The A.B.C. Murders (1936) by Agatha Christie
Crime is terribly revealing. Try and vary your methods as you will, your tastes, your habits, your attitude of mind, and your soul is revealed by your actions. [Poirot]
A serial killer takes on Hercule Poirot and his little grey cells--sending taunting letters to announce their murders. The first letter tells Poirot to keep his eye on Andover on the 21st of the month. When the 21st arrives, Mrs. Ascher is is found bludgeoned to death in her tobacco shop. The next letter predicts a murder in Bexhill-on-sea...and Betty Barnard is found strangled to death on the beach. Each letter is signed A.B.C. and an ABC railway guide is found on or near the bodies. How far will the killer get through the alphabet before Poirot can bring his man to justice?
Relatives of the victims band together to form The Special Legion and offer their services to Poirot in an effort to help find the killer quicker. They have no faith in the police and, especially, in the rather arrogant Inspector Crome who seems to think he knows everything about everything. They gather together in Poirot's apartment to share what little information they have and to ask him to give them assignments to find out more.
The difficulty is that there are very few clues--other than a nagging feeling that Poirot has that there's something not right about the letters themselves. And then a possible villain--with the fateful initials A. B. C. is caught with numerous pieces of evidence on his person and in his room at a boarding house. But, again, Poirot believes there is something not quite right about the culprit they've been presented with. He has to go back to the beginning and discern just what it is about those letters that isn't right.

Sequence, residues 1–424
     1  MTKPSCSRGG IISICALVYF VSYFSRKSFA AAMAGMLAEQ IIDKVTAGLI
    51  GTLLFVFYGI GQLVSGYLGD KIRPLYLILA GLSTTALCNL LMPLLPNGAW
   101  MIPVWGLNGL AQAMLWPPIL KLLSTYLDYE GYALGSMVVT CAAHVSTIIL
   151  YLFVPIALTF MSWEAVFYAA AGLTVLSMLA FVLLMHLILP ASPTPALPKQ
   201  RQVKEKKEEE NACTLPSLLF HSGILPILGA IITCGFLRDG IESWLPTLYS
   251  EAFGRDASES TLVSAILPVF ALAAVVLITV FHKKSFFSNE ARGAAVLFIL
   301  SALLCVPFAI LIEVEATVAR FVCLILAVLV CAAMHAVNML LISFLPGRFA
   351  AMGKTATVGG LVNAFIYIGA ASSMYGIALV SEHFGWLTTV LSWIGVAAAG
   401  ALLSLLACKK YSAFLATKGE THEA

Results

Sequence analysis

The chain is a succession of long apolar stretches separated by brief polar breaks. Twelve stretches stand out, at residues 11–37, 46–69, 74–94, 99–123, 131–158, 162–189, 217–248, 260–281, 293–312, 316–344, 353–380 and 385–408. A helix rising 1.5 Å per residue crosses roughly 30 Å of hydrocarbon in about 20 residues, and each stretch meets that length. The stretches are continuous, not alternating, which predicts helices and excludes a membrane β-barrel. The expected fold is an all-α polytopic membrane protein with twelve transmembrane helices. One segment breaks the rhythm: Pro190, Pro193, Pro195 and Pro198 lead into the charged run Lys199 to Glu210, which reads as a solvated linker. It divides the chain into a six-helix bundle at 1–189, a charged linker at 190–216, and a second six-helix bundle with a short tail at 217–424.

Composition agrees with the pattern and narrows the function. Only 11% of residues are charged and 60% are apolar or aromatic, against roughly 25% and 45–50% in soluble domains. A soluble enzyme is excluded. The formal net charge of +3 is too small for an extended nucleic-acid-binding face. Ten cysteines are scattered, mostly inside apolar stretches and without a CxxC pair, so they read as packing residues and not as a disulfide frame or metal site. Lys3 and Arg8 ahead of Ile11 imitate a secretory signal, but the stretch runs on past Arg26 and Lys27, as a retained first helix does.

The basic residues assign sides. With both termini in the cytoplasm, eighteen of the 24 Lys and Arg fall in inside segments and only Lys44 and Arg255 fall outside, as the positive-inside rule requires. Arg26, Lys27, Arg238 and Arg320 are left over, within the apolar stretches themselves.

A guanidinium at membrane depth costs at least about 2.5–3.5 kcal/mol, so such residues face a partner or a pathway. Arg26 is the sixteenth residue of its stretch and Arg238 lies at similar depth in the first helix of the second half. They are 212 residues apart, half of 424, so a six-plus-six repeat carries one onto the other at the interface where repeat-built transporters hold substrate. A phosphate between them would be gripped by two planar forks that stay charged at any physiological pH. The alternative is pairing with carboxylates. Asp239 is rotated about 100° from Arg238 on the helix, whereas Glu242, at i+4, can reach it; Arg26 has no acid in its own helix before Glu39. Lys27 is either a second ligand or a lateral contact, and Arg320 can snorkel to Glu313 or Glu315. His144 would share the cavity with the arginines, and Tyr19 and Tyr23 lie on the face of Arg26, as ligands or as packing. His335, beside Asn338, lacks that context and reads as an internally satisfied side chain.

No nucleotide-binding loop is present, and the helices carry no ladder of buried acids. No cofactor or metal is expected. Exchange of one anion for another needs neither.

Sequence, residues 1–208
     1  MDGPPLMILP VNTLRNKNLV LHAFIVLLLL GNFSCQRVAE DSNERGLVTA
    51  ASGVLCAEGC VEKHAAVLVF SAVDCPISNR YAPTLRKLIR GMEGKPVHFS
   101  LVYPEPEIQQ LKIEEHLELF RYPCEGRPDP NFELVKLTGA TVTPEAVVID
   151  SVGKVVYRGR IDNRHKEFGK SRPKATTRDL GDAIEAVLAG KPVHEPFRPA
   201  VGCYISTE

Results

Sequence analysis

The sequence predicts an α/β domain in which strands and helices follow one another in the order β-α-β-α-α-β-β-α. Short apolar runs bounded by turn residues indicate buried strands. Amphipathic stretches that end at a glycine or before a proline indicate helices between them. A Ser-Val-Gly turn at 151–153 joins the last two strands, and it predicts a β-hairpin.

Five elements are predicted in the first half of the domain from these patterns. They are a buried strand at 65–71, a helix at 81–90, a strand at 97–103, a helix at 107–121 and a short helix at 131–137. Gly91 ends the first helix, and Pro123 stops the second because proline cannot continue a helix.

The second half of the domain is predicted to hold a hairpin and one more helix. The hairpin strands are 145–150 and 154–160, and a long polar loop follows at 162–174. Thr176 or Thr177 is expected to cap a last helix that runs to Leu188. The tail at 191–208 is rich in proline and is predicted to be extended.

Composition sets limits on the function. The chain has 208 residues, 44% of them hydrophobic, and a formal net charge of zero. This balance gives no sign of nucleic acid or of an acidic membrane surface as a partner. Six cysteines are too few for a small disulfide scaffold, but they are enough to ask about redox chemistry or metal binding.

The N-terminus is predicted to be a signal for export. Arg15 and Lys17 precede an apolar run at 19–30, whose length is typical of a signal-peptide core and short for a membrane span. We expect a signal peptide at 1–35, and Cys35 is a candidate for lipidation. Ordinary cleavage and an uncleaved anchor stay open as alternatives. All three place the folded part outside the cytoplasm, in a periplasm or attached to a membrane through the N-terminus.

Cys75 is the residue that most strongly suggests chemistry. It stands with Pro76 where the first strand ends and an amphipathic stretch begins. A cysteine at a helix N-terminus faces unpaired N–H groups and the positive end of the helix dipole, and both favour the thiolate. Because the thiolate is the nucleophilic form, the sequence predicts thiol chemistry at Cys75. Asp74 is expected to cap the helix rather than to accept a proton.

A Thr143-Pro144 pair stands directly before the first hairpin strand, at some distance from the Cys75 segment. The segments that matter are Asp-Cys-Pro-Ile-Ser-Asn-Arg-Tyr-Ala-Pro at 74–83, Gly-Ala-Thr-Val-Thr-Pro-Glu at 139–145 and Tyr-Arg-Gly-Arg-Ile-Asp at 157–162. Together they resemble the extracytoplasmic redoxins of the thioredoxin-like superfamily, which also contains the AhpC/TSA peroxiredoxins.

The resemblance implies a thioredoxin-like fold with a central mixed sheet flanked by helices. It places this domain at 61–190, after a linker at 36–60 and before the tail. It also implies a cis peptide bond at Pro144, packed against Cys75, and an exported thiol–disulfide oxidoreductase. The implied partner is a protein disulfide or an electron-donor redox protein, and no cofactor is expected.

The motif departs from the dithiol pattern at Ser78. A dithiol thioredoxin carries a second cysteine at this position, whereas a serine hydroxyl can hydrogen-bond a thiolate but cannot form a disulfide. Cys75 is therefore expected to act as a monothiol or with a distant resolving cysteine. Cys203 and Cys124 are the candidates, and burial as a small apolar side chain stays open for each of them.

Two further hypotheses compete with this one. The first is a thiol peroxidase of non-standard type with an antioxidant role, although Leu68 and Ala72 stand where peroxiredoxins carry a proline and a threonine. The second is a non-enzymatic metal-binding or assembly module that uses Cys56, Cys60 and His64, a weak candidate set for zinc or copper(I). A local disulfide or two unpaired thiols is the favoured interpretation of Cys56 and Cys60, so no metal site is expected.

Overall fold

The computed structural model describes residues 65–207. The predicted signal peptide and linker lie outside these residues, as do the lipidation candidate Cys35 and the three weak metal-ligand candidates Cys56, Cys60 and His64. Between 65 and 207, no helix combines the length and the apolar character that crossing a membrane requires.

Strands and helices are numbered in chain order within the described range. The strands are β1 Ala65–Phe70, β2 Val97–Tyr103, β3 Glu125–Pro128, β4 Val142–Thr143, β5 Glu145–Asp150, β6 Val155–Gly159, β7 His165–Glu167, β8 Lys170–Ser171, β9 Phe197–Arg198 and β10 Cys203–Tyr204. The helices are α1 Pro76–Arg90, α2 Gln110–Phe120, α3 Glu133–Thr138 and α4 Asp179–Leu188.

I enjoyed having Hastings come back from South American to go "hunting once more" (as Poirot puts it) with his old friend. The Poirot stories are so much better when he has his "Watson" by his side. Their exchanges were just humorous enough to prevent a serial killer mystery from getting too dark. It was also good to see Poirot show up the young, very-full-of-himself Inspector Crome who seems to think the elder detective is past it.
Christie tries something a little different with this one--switching periodically from Hasting's viewpoint to that of our possible villain. In fact, the whole thing has just a bit of difference--from the impersonal serial killings to the multiple viewpoints to Poirot working with The Special Legion. There are red herrings, but not quite in the way of things in a standard closed-circle mystery plot. It's really quite interesting and enjoyable. ★★★★
First line: It was in June of 1935 that I came home from my ranch in South America for a stay of about six months.
Last line: So, Hastings--we went hunting once more, did we not? Vive le sport.
Deaths = 4 (two hit on head; one strangled; one stabbed)